WASHINGTON, Feb 3 (Reuters) - A Chinese spy balloon has changed course and is now floating eastward at about 60,000 feet (18,300 meters) over the central United States, demonstrating a capability to maneuver, the U.S. military said on Friday, in the latest twist to a spying saga that led U.S. Secretary of State Antony Blinken to postpone a visit to China.
The disclosure about the spy balloon's maneuverability directly challenges China's assertion that the balloon was merely a civilian airship that had strayed into U.S. territory after being blown off course.
"We know this is a Chinese (surveillance) balloon and that it has the ability to maneuver," Air Force Brigadier General Patrick Ryder told a news briefing at the Pentagon, declining to say precisely how it was powered or who in China was controlling its flight path.
U.S. President Joe Biden on Wednesday decided against shooting down the balloon as it floated over Montana due to U.S. military concerns about the likely dispersal of debris, American officials say.
The Pentagon expects the balloon to continue traveling over U.S. airspace for a few more days, Ryder said, declining to speculate on what options the U.S. military might develop in that time as speculation swirled about whether Biden could still order the balloon be destroyed or perhaps captured.
Ryder said the U.S. military would not specify where precisely the balloon was positioned over the central United States, saying he didn't want to get into an "hour-by-hour" cycle of updates. He said people in any given U.S. state could look up into the sky if they wanted.
"The public certainly has the ability to look up in the sky and see where the balloon is," Ryder said.
Senator Roger Marshall from Kansas said the spy balloon was over the northeastern part of his state and his staff was is in contact with law enforcement officials.
"I condemn any attempts the Chinese make to spy on Americans. President Biden must protect the sovereignty of the U.S.," Marshall posted on Twitter.
Ryder added the balloon posed no risk to people on the ground.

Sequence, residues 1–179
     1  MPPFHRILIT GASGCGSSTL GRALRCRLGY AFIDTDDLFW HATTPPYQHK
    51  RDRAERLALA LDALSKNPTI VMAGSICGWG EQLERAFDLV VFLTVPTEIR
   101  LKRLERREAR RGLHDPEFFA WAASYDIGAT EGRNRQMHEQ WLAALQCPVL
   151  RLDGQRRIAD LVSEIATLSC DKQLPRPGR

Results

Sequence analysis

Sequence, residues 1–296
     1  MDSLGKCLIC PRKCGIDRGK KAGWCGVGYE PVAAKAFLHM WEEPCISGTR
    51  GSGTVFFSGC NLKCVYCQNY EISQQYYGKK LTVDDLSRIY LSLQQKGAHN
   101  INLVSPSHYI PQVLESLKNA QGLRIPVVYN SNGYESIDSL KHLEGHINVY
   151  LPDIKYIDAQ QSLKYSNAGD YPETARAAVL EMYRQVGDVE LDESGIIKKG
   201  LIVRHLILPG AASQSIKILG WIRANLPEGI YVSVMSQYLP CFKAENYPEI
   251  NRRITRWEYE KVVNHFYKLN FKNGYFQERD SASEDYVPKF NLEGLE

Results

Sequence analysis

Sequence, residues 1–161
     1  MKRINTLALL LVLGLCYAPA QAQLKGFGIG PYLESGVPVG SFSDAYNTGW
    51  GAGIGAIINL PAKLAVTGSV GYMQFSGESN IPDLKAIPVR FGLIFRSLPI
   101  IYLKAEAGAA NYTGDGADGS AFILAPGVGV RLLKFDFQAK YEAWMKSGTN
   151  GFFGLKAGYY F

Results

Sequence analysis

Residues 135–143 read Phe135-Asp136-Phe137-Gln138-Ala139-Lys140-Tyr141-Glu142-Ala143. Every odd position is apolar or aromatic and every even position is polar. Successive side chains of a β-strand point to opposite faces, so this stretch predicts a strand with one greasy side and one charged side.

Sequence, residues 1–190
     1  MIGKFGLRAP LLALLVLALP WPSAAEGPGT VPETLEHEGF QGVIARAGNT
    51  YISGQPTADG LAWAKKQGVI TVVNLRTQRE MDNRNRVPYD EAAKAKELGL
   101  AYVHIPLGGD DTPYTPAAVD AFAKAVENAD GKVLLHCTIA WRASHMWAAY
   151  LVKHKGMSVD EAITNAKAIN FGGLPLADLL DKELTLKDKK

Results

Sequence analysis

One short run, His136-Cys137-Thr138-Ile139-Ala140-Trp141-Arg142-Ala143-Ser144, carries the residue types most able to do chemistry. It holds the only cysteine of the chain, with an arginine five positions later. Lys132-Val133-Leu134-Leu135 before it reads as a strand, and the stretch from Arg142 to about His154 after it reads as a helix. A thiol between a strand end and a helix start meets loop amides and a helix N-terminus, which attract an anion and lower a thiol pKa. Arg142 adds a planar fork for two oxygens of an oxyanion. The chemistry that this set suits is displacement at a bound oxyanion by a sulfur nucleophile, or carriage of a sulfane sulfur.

He spoke amid growing political fallout over the Chinese balloon's presence over the United States.
Postponement of Blinken's trip, which had been arranged in November by Biden and Chinese President Xi Jinping, is a blow to those on both sides who saw it as an overdue opportunity to stabilize an increasingly fractious relationship. The last visit by a U.S. secretary of state was in 2017.
Biden ignored questions about the balloon when giving remarks on the economy Friday morning.
Chinese spy satellites carry similar sensors to what U.S. officials believe is on the spy balloon, raising questions about why Beijing would risk such a brazen act on the eve of a major diplomatic event.
Still, the Chinese spy balloon has taken a flight path that would carry it over a number of sensitive sites, officials say. One such site could be military bases, including in Montana, which is home to intercontinental ballistic missile silos.
The Billings, Montana, airport on Wednesday issued a ground stop as the military mobilized assets including F-22 fighter jets in case Biden ordered that the balloon be shot down.
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Phil Stewart has reported from more than 60 countries, including Afghanistan, Ukraine, Syria, Iraq, Pakistan, Russia, Saudi Arabia, China and South Sudan. An award-winning Washington-based national security reporter, Phil has appeared on NPR, PBS NewsHour, Fox News and other programs and moderated national security events, including at the Reagan National Defense Forum and the German Marshall Fund. He is a recipient of the Edwin M. Hood Award for Diplomatic Correspondence and the Joe Galloway Award.
National security correspondent focusing on the Pentagon in Washington D.C. Reports on U.S. military activity and operations throughout the world and the impact that they have. Has reported from over two dozen countries to include Iraq, Afghanistan, and much of the Middle East, Asia and Europe. From Karachi, Pakistan.
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